The Skeptic's Dictionary

The Skeptic's Dictionary is a collection of cross-referenced skeptical essays by Robert Todd Carroll, published on his website and in a printed book.[1][2] The site was launched in 1994 and the book was published in 2003 with nearly 400 entries. As of January 2011 the website has over 700 entries.[3] A comprehensive single-volume guides to skeptical information on pseudoscientific, paranormal, and occult topics, the bibliography contains some seven hundred references for more detailed information. According to the back cover of the book, the on-line version receives approximately 500,000 hits per month.

The Skeptic's Dictionary
AuthorRobert Todd Carroll
CountryUnited States
SubjectScientific skepticism
PublisherJohn Wiley & Sons
Publication date
August 15, 2003
Media typePaperback
001.9 21
LC ClassQ172.5.P77 C37 2003
Followed byBecoming a Critical Thinker: A Guide for the New Millennium 

The Skeptic's Dictionary is, according to its foreword, intended to be a small counterbalance to the voluminous occult and paranormal literature; not to present a balanced view of occult subjects.[4]

Contents edit

According to Carroll,

“The Skeptic’s Dictionary is aimed at four distinct audiences: the open-minded seeker, who makes no commitment to or disavowal of occult claims; the soft skeptic, who is more prone to doubt than to believe; the hardened skeptic, who has strong disbelief about all things occult; and the believing doubter, who is prone to believe but has some doubts. The one group this book is not aimed at is the 'true believer' in the occult. If you have no skepticism in you, this book is not for you.”

Carroll defines each of these categories, explaining how and why, in his opinion, his dictionary may be of interest, use, and benefit to each of them. He also defines the term “skepticism” as he uses it and identifies two types of skeptic, the Apollonian, who is “committed to clarity and rationality” and the Dionysian, who is “committed to passion and instinct.” William James, Bertrand Russell, and Friedrich Nietzsche exemplify the Apollonian skeptic, Carroll says, and Charles Sanders Peirce, Tertullian, Søren Kierkegaard, and Blaise Pascal are Dionysian skeptics.[5]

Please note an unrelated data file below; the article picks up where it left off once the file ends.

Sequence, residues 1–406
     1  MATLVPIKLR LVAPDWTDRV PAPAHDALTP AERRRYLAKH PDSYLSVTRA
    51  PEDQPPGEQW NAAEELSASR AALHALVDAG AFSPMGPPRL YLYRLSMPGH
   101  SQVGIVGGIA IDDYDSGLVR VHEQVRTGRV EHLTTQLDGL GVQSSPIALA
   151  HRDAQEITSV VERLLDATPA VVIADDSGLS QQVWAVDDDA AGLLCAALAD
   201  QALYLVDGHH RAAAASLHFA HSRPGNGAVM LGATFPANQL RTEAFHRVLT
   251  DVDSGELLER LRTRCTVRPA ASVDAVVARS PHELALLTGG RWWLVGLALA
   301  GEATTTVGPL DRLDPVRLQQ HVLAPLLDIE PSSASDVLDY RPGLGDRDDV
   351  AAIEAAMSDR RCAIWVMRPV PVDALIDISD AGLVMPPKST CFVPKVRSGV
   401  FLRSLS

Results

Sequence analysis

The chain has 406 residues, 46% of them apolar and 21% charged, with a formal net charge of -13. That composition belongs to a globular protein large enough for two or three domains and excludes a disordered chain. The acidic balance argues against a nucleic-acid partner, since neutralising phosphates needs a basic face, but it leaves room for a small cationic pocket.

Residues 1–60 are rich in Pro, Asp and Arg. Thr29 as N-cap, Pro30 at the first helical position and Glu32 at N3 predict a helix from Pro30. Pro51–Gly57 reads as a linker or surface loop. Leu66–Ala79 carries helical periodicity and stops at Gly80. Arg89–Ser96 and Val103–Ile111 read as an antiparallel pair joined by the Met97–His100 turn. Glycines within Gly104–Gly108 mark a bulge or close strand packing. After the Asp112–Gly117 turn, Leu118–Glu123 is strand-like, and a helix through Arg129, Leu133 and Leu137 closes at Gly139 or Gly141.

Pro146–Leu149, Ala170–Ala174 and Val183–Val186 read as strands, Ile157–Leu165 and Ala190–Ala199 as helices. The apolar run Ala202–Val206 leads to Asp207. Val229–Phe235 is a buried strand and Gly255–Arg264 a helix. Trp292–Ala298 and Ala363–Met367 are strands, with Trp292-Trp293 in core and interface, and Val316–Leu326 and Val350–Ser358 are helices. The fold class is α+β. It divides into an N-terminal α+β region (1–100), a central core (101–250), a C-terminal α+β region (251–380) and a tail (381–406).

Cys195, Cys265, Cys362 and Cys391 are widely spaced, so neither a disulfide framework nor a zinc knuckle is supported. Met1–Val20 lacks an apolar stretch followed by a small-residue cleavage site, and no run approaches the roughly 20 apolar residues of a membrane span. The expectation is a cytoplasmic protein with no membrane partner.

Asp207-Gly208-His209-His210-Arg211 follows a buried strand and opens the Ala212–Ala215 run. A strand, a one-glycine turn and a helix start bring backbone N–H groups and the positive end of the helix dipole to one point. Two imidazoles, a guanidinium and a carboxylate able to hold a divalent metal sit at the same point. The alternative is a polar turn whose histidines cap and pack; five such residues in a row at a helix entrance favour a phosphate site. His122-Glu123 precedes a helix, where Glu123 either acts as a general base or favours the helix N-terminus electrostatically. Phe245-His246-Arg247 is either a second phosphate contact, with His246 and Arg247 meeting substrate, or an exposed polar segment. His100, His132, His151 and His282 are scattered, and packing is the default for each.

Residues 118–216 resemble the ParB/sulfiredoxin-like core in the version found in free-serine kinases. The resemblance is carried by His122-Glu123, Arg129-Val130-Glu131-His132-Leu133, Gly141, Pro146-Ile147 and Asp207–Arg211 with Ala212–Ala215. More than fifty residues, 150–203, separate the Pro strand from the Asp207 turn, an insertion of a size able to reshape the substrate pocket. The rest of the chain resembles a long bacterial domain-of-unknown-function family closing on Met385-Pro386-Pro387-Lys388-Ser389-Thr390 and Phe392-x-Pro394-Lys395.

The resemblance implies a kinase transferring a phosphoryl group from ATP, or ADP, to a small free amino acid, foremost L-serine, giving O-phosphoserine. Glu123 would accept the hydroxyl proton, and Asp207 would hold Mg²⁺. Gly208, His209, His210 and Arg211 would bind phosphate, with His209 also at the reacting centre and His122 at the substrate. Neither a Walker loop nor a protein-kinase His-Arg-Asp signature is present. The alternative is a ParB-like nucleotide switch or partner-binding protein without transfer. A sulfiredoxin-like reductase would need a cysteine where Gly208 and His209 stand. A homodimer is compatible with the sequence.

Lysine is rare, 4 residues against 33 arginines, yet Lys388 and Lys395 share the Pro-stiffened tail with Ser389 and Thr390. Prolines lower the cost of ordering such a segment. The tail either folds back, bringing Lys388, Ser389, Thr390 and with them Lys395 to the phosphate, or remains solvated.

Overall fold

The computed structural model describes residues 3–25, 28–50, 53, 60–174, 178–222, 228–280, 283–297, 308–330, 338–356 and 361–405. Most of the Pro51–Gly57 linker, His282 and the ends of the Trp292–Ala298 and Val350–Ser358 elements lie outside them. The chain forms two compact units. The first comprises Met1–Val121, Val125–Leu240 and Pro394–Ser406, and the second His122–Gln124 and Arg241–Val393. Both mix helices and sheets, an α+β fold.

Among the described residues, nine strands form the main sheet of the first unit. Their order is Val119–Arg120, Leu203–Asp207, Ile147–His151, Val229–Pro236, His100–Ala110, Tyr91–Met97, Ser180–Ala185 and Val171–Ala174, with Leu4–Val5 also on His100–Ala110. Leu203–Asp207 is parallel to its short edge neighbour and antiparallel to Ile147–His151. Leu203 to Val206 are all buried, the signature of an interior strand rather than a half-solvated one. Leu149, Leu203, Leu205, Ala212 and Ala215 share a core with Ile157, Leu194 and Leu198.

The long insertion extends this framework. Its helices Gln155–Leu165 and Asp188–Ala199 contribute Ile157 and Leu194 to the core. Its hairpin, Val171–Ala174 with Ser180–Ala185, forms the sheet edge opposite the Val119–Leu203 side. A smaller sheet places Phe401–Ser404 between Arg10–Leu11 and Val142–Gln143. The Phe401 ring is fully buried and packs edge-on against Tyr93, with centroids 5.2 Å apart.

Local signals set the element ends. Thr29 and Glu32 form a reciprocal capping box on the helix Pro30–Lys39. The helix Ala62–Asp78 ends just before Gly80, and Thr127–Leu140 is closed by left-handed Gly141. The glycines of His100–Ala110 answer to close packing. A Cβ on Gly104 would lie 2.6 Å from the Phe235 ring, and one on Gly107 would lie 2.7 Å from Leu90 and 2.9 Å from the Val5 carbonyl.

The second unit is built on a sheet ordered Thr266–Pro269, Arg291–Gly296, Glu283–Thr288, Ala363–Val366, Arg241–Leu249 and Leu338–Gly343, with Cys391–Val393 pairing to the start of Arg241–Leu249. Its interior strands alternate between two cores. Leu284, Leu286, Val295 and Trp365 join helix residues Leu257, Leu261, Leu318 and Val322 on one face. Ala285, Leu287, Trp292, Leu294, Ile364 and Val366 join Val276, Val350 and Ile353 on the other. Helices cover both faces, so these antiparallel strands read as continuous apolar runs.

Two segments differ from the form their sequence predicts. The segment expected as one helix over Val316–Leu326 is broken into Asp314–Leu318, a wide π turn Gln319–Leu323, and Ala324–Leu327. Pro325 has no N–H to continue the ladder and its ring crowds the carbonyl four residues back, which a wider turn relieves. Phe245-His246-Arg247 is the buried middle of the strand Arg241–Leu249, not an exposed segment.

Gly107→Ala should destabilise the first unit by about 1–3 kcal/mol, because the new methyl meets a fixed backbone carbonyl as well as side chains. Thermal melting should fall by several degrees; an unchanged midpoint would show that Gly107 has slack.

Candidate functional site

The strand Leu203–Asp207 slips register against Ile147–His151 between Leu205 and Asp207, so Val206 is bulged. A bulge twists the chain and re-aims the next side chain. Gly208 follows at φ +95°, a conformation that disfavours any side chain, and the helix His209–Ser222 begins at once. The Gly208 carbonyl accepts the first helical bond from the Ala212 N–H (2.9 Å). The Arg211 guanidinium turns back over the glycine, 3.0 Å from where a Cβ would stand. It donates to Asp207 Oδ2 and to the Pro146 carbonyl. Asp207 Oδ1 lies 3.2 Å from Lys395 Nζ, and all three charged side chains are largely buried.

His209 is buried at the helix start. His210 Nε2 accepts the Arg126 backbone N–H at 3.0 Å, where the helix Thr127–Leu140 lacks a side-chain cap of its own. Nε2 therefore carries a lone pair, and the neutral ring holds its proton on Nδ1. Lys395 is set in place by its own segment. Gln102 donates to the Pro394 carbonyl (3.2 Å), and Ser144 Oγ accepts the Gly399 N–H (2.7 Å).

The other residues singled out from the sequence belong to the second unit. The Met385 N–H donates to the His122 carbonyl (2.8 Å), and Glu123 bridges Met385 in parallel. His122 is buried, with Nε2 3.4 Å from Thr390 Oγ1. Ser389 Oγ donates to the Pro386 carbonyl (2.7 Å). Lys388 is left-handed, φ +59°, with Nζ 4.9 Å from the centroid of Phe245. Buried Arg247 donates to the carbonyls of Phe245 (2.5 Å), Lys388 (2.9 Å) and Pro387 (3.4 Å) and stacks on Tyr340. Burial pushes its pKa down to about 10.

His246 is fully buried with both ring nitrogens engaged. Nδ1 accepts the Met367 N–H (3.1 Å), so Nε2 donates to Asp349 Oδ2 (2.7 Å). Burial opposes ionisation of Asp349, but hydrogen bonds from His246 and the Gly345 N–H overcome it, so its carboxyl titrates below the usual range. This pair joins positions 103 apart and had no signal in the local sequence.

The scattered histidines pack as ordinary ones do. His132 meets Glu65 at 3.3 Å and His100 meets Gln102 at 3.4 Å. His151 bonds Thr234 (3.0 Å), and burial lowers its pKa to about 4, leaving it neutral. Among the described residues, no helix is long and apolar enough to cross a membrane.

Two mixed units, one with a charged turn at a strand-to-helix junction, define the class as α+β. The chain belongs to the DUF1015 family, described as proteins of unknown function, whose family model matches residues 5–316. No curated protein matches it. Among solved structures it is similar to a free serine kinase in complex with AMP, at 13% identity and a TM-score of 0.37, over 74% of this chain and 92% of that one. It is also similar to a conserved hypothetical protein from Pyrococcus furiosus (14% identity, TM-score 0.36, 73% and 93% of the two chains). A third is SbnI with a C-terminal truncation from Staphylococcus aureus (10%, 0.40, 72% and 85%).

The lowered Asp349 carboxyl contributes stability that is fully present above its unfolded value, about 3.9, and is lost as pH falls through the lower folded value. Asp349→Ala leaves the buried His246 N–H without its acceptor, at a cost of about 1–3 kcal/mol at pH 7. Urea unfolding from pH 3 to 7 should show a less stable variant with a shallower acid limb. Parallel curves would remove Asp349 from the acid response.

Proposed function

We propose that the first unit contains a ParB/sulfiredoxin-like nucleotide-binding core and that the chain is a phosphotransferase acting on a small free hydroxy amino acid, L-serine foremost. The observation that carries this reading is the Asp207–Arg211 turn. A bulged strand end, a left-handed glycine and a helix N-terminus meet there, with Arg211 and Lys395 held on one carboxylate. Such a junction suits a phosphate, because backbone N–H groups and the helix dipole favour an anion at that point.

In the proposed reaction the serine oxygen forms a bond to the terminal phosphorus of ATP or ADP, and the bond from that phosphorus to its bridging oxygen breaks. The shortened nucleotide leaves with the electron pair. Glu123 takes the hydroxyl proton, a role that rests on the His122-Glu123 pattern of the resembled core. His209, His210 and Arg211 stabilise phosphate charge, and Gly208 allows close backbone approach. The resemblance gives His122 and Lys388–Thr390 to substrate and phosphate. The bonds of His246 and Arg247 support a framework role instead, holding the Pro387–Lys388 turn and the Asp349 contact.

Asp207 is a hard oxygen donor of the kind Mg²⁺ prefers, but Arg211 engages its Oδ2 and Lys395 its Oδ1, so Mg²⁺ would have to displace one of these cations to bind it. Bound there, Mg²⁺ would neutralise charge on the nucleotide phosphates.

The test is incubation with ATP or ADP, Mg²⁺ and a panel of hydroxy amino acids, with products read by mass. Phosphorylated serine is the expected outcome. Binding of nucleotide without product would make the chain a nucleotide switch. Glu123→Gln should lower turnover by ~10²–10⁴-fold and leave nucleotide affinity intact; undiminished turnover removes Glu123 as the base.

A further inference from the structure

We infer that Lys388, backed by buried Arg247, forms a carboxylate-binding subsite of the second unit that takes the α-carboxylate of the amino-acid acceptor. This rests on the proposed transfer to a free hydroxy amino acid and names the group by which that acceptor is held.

The articles in the book are in several categories:

Print versions are available in Dutch, English, Japanese, Korean, and Russian.[6] Numerous entries have been translated for the Internet in several other languages. A newsletter[7] keeps interested parties up to date on new entries and an archived list of previous newsletters is available online. Norcross et al. state that Carroll has made considerable progress in exposing pseudoscience and quackery.[8]

Reception edit

Roy Herbert's review of the paperback version written for the New Scientist magazine commented that "it is an amazing assembly, elegantly written and level-headed, with a wry remark here and there", and that "this superb work is likely to be used so often that it is a pity it is a softback book.".[2] Skeptical Inquirer stated that it was "a book that should be a staple of everyone’s diet-part of the package we are given at birth to help us avoid the dangers and pitfalls of living in a world riddled with bad ideas and empty promises...".[9] It was also described by Gary Jason, a Philosophy professor at California State University as "... a good reference book for a critical thinking class."[10]

See also edit

References edit

  1. ^ Poole, Steven (October 18, 2003). "All the rage". The Guardian. The highest mark of success for a new-media phenomenon is, it seems, still to get translated into old media; so becomes this handy volume examining the evidence in favour of ectoplasm, the Bermuda Triangle, the Turin Shroud, chiropracty and zombies, among much else.
  2. ^ a b Herbert, Roy (November 22, 2003). "Keep on doubting". New Scientist.
  3. ^ What is The Skeptic's Dictionary? – Archived June 20, 2007, at the Wayback Machine
  4. ^ Skeptic's Dictionary, pp. 1–3.
  5. ^ Introduction, Skeptic's Dictionary.
  6. ^ Preface, Skeptic's Dictionary.
  7. ^ "newsletter".
  8. ^ Norcross, J.C.; Koocher, G.P.; Garofalo, A. (2006). "Discredited psychological treatments and tests: A Delphi poll". Professional Psychology: Research and Practice. 37 (5): 515–522. doi:10.1037/0735-7028.37.5.515. Retrieved February 12, 2008.
  9. ^ Chesworth, Amanda. "The Skeptic's Dictionary". The Skeptical Inquirer. Center for Inquiry. Retrieved January 29, 2019.
  10. ^ Jason, Gary. "Review of The Skeptic's Dictionary: A Collection of Strange Beliefs, Amusing Deceptions, & Dangerous Delusions". PhilPapers. Philosophy Documentation Centre. Retrieved January 29, 2019.

External links edit